Hearing for Trump's US Supreme Court nominee set for September 4

Washington, USA Published: Aug 11, 2018, 10:48 AM(IST)

File photo of US President Donald Trump. Photograph:( Reuters )

The US Senate will begin its confirmation hearing on President Donald Trump's pick for the Supreme Court on September 4, a top lawmaker said Friday.

The hearing process should last three to four days, Senate Judiciary Committee chairman Chuck Grassley said, putting Republicans in position to meet their goal of getting Judge Brett Kavanaugh confirmed and onto the nine-member bench before its term begins in early October.

"It's time for the American people to hear directly from Judge Kavanaugh at his public hearing," Grassley said in a statement.

Trump's second pick for the high court -- his first, Neil Gorsuch, was confirmed last year -- is a conservative federal judge who worked in president George W. Bush's White House, and who has written hundreds of legal opinions.

Democrats have pressed for access to the full scope of documents from Kavanaugh's extensive career, including his time as a White House lawyer and then as White House staff secretary, an important position that controls the flow of documentation to and from the Oval Office.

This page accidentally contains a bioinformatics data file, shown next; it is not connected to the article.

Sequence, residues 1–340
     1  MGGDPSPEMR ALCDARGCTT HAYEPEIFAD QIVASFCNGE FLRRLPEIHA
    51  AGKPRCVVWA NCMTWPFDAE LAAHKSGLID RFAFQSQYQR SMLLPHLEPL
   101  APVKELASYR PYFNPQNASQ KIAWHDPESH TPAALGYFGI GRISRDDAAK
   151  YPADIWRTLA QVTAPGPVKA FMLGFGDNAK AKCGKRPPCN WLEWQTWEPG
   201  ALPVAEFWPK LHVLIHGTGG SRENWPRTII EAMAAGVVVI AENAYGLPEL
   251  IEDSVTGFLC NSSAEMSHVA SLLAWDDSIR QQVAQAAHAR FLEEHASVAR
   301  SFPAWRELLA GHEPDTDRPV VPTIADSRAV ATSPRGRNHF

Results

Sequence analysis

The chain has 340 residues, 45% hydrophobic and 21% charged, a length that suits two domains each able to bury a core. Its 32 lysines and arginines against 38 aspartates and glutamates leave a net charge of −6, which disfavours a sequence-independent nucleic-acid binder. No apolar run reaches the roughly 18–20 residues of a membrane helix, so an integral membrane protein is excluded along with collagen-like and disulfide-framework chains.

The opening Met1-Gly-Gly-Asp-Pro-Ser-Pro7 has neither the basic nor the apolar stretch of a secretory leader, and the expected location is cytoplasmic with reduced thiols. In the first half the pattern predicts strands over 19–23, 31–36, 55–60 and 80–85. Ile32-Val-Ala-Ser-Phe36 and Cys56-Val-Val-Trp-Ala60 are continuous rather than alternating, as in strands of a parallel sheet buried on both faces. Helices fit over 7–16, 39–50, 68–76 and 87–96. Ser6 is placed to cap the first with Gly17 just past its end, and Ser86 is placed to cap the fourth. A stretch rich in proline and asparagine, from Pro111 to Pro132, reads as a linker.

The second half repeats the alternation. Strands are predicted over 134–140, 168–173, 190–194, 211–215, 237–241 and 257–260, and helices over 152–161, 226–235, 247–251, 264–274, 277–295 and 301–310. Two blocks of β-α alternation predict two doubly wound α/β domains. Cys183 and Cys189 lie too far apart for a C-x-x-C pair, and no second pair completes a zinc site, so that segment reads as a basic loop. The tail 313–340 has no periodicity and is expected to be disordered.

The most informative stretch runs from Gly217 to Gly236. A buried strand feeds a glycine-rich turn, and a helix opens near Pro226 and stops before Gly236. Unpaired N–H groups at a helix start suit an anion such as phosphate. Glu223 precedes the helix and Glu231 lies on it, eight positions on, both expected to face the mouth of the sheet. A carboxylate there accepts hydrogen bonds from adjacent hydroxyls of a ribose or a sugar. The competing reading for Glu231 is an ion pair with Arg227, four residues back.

Grassley's office said the committee has to date received more than 184,000 pages of records from Kavanaugh's work as a White House lawyer and from his work for Kenneth Starr, an independent counsel who investigated president Bill Clinton. 

The committee also expects to receive "hundreds of thousands of additional pages" of executive branch documents, the office said.

Democrats have sought to gain access to the full available record of Kavanaugh's work.

"Reviewing a small set of documents that his own former deputy chose fails to provide a complete picture," Senator Dianne Feinstein tweeted on Friday.

Following the hearings announcement White House spokesman Raj Shah said Grassley "has lived up to his promise to lead an open, transparent and fair process."

"Judge Kavanaugh looks forward to addressing the Judiciary Committee in public hearings for the American people to view."

The vote could end up a nailbiter. Republicans control the Senate 51 to 49, but Senator John McCain is battling brain cancer and not expected to vote.

That leaves the narrowest of majorities, 50-49, meaning if all Democrats unite against Kavanaugh, a single Republican defector could sink the nomination.

Democrats have branded the 53-year-old nominee, who would replace retired justice Anthony Kennedy, as a deeply conservative jurist who would shift the court rightward, jeopardizing critical rulings on the constitutionality of abortion rights and the legality of Barack Obama's health care reforms.

Republicans have pushed back, portraying Kavanaugh as a "mainstream" jurist and warning that Democrats are merely seeking to put up roadblocks obstructing Trump.

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